Cardena et al., NeuroImage (2017) 15, 200-208.
In a collaborative study between the National Institute of Health, the University of Maryland and the
University of Michigan, researchers used a 7 tesla (high intensity) MRI to image the donated brains from
donors with ALS and compared the findings to those obtained from donors without ALS. Although the
motor symptoms in ALS patients are caused by pathology in the motor regions of the brain and spinal
cord, the nerve fibers connecting different regions in the two hemispheres of the brain (corpus callosum)
is consistently abnormal in many ALS imaging studies. The strength of the MRI magnet used in this
study was several times greater than what is typically used to image the brain in routine clinical practice.
Also, each brain was imaged continuously for 23 hours to obtain the extensive data needed for analysis.
The focus of this study were several fold: first, it was to establish that high resolution MRI on
postmortem ALS brain is feasible; second, it confirmed the previously described changes in the corpus
callosum using a high resolution MRI; and third, it allowed for an understanding of the microscopic
abnormalities that underlie the alterations observed on the MRI.
The greater detail of the MRI analysis provided data confirming that the nerve fibers connecting the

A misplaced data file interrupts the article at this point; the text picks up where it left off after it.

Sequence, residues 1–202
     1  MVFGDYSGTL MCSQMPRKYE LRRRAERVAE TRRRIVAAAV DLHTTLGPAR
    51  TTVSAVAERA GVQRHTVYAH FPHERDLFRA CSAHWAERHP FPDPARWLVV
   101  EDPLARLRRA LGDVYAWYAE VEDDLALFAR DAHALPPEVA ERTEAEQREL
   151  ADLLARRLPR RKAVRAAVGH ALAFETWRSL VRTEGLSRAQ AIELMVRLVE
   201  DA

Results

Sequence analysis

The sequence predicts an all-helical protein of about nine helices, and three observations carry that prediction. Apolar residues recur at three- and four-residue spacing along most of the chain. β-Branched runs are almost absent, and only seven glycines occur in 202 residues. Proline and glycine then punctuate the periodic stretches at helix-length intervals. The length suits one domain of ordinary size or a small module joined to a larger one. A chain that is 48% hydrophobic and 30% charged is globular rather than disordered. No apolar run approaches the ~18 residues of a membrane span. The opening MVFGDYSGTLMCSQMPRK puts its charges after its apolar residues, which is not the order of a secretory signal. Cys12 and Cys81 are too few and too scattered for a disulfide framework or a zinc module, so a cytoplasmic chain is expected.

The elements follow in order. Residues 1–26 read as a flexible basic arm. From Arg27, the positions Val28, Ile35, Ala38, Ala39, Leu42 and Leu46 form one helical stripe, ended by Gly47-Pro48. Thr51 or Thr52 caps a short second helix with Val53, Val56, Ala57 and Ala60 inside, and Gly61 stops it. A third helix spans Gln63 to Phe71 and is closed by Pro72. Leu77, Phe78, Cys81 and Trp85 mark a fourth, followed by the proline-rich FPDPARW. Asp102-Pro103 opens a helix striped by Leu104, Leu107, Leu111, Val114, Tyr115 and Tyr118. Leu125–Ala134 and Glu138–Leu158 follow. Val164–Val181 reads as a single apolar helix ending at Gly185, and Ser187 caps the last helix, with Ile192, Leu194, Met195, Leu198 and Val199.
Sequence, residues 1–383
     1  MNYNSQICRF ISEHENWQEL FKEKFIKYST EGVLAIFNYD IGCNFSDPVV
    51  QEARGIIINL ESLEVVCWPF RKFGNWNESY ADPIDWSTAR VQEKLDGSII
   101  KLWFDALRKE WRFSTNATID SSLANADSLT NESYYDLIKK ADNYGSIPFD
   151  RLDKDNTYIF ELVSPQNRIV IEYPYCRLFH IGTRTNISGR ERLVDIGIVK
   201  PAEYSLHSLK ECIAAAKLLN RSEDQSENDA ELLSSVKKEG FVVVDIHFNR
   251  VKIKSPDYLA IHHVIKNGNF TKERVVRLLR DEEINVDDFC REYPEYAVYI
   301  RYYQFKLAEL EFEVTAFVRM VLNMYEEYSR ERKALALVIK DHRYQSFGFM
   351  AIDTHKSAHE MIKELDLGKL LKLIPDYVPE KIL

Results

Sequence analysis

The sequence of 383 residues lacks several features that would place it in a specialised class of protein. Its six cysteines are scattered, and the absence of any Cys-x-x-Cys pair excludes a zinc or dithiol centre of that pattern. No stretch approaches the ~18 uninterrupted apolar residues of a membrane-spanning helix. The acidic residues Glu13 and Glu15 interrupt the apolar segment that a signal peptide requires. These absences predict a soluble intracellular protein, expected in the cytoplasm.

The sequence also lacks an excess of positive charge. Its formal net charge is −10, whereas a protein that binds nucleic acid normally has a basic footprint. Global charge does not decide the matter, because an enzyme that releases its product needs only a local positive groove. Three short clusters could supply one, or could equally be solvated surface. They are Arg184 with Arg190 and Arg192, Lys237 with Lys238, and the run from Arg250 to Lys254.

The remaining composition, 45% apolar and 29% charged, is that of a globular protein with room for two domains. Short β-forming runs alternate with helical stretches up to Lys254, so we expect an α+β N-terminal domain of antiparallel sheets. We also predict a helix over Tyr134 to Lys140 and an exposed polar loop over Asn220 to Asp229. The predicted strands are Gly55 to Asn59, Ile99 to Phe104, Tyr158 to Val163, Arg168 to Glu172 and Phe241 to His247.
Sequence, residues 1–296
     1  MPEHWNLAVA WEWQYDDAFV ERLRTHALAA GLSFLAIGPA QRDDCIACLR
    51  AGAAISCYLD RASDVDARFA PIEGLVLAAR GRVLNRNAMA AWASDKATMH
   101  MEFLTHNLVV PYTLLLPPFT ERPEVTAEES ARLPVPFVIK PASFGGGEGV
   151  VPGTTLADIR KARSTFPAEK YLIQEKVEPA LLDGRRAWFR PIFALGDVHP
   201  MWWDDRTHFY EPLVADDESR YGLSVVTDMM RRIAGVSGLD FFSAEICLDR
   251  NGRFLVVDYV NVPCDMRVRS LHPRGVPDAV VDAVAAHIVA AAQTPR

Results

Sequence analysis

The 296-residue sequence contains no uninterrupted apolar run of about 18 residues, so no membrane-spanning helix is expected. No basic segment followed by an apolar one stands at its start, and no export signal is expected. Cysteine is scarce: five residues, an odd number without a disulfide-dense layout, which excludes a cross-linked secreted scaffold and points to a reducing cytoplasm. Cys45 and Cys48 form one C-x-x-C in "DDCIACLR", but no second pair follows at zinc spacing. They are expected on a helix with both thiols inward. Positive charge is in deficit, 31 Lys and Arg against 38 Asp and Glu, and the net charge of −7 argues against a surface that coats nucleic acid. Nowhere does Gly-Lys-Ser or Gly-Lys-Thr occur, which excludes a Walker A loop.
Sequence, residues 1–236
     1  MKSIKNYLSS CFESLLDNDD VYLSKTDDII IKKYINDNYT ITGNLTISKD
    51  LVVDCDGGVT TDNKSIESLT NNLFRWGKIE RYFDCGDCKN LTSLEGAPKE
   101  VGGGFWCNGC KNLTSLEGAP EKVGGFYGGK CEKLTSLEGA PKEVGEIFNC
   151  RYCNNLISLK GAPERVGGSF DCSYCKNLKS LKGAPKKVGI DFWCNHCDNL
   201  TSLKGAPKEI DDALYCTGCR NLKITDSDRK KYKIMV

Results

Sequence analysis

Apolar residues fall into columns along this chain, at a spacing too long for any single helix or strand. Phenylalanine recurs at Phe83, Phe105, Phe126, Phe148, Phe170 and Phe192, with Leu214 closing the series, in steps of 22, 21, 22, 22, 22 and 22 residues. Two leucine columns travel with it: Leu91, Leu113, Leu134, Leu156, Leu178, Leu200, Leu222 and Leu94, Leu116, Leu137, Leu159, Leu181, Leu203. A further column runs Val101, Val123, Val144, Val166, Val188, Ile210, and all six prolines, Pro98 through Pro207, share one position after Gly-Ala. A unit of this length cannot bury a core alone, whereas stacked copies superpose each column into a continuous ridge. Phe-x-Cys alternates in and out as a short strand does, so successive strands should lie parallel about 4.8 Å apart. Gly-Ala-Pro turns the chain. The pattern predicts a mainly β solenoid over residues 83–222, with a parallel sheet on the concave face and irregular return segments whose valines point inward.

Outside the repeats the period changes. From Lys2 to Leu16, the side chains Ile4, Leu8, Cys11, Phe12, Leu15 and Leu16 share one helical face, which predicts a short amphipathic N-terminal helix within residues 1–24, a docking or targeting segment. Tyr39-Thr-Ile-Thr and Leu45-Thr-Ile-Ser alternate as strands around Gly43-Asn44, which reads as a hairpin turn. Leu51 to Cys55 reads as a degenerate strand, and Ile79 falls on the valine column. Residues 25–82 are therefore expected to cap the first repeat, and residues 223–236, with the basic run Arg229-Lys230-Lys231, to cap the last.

motor regions of the two hemispheres were more disorganized. When the tissue was analyzed
microscopically, there was increased microglia-macrophages, which are signs of inflammation, and a loss
of myelinated axons of neurons. The findings indicate that the MRI abnormalities are the result of
complex changes on a microscopic level. Future research will address the exact sequence of the
observed changes so that treatments can be developed to interact at the earliest point.
Dr. Justin Kwan who is a co-author of the paper discusses the importance of tissue donation with his
patients. Several of his patients were included in this study. The spinal cord, brain and muscle samples
are recovered by the University of Maryland Brain and Tissue Bank, which is supported by a grant from
the Blazeman Foundation. Both the Blazeman Foundation and the Brain and Tissue Bank are
acknowledged in the article.